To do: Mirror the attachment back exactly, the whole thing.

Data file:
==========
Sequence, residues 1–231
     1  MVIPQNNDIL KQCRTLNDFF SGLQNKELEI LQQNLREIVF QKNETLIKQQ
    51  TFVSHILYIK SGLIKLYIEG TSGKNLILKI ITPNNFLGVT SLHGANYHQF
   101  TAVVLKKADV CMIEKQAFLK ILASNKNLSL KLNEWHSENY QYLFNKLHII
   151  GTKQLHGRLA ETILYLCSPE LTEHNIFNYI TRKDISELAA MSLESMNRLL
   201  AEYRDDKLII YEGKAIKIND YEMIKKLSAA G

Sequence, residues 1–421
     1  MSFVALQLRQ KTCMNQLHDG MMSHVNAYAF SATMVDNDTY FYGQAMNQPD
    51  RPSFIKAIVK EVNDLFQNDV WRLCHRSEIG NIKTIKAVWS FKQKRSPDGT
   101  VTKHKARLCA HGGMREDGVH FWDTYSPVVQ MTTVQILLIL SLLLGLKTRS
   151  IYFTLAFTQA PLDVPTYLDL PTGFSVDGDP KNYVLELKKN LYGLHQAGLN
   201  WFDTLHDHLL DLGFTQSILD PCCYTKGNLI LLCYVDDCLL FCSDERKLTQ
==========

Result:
Sequence, residues 1–231
     1  MVIPQNNDIL KQCRTLNDFF SGLQNKELEI LQQNLREIVF QKNETLIKQQ
    51  TFVSHILYIK SGLIKLYIEG TSGKNLILKI ITPNNFLGVT SLHGANYHQF
   101  TAVVLKKADV CMIEKQAFLK ILASNKNLSL KLNEWHSENY QYLFNKLHII
   151  GTKQLHGRLA ETILYLCSPE LTEHNIFNYI TRKDISELAA MSLESMNRLL
   201  AEYRDDKLII YEGKAIKIND YEMIKKLSAA G

Sequence, residues 1–421
     1  MSFVALQLRQ KTCMNQLHDG MMSHVNAYAF SATMVDNDTY FYGQAMNQPD
    51  RPSFIKAIVK EVNDLFQNDV WRLCHRSEIG NIKTIKAVWS FKQKRSPDGT
   101  VTKHKARLCA HGGMREDGVH FWDTYSPVVQ MTTVQILLIL SLLLGLKTRS
   151  IYFTLAFTQA PLDVPTYLDL PTGFSVDGDP KNYVLELKKN LYGLHQAGLN
   201  WFDTLHDHLL DLGFTQSILD PCCYTKGNLI LLCYVDDCLL FCSDERKLTQ